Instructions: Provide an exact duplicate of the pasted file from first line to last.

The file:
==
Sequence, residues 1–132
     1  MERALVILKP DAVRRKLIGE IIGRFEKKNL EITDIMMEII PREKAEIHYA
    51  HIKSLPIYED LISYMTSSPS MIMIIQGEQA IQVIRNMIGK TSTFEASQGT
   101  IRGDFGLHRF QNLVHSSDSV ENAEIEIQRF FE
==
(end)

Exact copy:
Sequence, residues 1–132
     1  MERALVILKP DAVRRKLIGE IIGRFEKKNL EITDIMMEII PREKAEIHYA
    51  HIKSLPIYED LISYMTSSPS MIMIIQGEQA IQVIRNMIGK TSTFEASQGT
   101  IRGDFGLHRF QNLVHSSDSV ENAEIEIQRF FE